Many countries around the world motivate and support young citizens to travel and study outside their home country. Governments often invest in scholarship programs that provide students with the chance to leave their home country and learn in educationally advanced countries such as the United States, Britain, Canada, and Australia.

There are several benefits related to sending students to study abroad. These benefits do not only have a positive impact on institutions receiving these students but also on the countries and institutions sending their students. When scholarship recipients come back to their home country after finishing their education, they return with new experiences and greater knowledge. At the national level, returnees influence the people around them and their workforce by applying their knowledge and bringing in new ideas. Saudi Arabia is one nation that strongly supports government scholarships for their citizens. In the academic year of 2012-2013, 165,908 out of 199,285 total students that were traveling abroad had government scholarships. Saudi Arabia and other countries like Brazil, China, Russia, India have experienced an increase in entrepreneurship, new ideas, and human capital investment in the country once the sponsored students came back to their home country.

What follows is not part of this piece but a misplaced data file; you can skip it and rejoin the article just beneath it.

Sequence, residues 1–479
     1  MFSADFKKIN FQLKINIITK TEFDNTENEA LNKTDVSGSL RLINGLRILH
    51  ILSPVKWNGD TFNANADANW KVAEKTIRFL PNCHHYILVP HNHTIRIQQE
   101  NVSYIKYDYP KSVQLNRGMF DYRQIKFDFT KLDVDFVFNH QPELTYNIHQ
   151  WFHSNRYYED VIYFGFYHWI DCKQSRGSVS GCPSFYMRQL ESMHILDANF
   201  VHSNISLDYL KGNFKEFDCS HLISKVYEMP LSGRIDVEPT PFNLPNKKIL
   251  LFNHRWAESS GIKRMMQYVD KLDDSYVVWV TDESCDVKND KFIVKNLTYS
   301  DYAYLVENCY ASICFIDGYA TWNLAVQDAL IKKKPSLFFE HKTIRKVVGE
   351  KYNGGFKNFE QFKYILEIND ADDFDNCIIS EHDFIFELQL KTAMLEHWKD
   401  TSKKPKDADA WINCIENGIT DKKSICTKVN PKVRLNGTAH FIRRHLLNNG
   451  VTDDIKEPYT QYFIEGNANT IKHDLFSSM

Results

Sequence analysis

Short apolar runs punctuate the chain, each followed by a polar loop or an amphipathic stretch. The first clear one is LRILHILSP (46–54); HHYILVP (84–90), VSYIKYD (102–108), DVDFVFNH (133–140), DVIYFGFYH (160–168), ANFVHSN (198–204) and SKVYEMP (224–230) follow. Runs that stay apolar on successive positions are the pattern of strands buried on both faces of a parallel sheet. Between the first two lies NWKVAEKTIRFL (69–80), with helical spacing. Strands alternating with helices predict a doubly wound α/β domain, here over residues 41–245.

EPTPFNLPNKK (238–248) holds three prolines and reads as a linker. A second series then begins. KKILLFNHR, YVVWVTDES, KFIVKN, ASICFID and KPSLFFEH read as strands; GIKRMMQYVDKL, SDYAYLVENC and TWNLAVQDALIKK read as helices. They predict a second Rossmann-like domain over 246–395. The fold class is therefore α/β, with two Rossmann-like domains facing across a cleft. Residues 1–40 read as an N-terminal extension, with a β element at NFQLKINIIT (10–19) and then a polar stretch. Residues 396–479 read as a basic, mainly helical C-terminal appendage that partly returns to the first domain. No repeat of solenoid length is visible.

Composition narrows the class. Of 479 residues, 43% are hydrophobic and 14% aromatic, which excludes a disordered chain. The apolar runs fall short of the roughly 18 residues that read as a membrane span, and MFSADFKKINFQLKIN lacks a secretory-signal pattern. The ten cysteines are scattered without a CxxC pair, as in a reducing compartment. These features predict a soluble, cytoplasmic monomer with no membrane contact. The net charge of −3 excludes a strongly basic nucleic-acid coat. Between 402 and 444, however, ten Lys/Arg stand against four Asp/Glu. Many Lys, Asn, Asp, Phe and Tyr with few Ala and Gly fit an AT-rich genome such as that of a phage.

There are benefits to hosting countries too. Since these students are considered international students when studying abroad, they introduce new and different perspectives to local students. Local students enhance their cultural competency and communication skills when interacting with international students. Moreover, the economy of hosting countries benefits because scholarship recipients usually bring income and talent to host institutions.

It cannot be denied that there are some risks to sponsoring students that study abroad. One of the biggest risks is that students may not return to their home country after traveling abroad. Also, students may fail to take advantage of the opportunities and experiences around them.

With the large sum of money that is invested in government-sponsored scholarship programs, it is important that governments set specific objectives and concrete plans to accurately measure the value and effectiveness of these schemes.

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